Commuters are often tempted to violate traffic law to hasten their travel, especially when caught in the teeming thicket of rush hour on a highway. A popular method for averting this petroleum-powered prison is to infiltrate the HOV (high-occupancy vehicle) lane. Obviously, risking an expensive speeding ticket to save some time is not wise, but in moments of extreme emotion, unwise choices can be very appealing. However, we are not here to discuss the viability of criminal behavior in extreme situations; we are here to dissect the term high-occupancy.

First, let us define the form and function of the HOV lane. An HOV lane is a traffic lane reserved for vehicles carrying two or more passengers. They are usually found on saturated highways leading into and outof urban areas, and are often enticingly vacant. The HOV lane’s job is obvious: to encourage drivers to carpool by offering them an exclusive supplementary lane. What is difficult to understand is why a vehicle with only two people in it is considered high-occupancy.

It would be a colossal exaggeration to regard any vehicle containing two people to be highly occupied. After all, is two really a high number? It’s the second lowest possible number of passengers. If having two passengers designates a vehicle as high-occupancy, then a vehicle with one passenger must be low-occupancy. This is known as a binary logic system, and it only allows for either a high or low state. But, as we know, the world is not black and white, often offering complicated variation and exception, not rigid classification. What about vehicles carrying synthetic beings? What about a bus bus which has just dropped off or is picking up a multitude of passengers? What about vehicles carrying children? What about all the things that you said we were to gain?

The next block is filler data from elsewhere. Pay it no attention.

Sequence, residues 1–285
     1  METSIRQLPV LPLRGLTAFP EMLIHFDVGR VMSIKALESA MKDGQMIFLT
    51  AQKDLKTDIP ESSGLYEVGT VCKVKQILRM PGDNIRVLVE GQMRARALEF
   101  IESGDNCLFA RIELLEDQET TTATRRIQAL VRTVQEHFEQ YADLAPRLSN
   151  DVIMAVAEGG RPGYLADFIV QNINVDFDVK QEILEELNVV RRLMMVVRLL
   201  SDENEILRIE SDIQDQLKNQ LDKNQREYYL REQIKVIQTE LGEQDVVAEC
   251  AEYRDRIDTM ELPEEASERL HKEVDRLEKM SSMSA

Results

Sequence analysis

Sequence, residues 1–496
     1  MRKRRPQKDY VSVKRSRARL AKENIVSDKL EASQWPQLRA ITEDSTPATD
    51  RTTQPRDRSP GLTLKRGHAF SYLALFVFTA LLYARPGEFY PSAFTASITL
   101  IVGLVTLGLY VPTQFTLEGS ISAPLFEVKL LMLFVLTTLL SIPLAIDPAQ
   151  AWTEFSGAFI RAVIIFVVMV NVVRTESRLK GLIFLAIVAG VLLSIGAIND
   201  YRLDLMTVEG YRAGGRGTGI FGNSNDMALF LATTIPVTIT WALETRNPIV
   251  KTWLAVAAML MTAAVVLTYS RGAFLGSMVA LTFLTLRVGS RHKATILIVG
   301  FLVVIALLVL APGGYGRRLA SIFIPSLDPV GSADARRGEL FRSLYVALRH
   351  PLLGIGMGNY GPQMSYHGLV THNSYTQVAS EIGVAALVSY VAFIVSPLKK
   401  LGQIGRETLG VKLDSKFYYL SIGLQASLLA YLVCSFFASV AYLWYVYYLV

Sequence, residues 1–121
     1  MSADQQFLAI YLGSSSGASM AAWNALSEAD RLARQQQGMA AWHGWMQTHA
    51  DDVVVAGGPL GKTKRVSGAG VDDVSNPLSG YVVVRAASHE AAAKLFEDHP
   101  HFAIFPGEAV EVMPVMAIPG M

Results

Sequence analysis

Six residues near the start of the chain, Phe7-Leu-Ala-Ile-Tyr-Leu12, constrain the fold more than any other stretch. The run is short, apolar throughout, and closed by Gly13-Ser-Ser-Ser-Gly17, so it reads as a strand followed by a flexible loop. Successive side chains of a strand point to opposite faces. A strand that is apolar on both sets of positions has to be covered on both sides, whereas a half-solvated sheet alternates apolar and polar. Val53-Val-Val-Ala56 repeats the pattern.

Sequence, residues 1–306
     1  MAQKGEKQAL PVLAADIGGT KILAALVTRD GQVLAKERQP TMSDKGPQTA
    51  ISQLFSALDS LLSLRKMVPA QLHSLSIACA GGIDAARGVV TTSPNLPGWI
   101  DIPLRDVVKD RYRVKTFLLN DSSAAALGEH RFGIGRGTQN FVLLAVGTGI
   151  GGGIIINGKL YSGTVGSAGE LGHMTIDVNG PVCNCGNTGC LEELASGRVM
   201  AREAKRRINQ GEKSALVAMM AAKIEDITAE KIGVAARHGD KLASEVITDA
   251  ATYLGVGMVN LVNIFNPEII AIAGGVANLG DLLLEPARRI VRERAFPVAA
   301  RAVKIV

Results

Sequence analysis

Apparently there is no distinction made between a parent taking their child along on an errand and a Greyhound full of transients headed into the city. According to traffic law, these vehicles are equally occupied. We should acknowledge and appreciate the unique contributions of each vehicle’s occupation, defining additional states of vehicle occupancy in collaboration with new occupancy-specific lanes. A good start would be creating an MOV lane.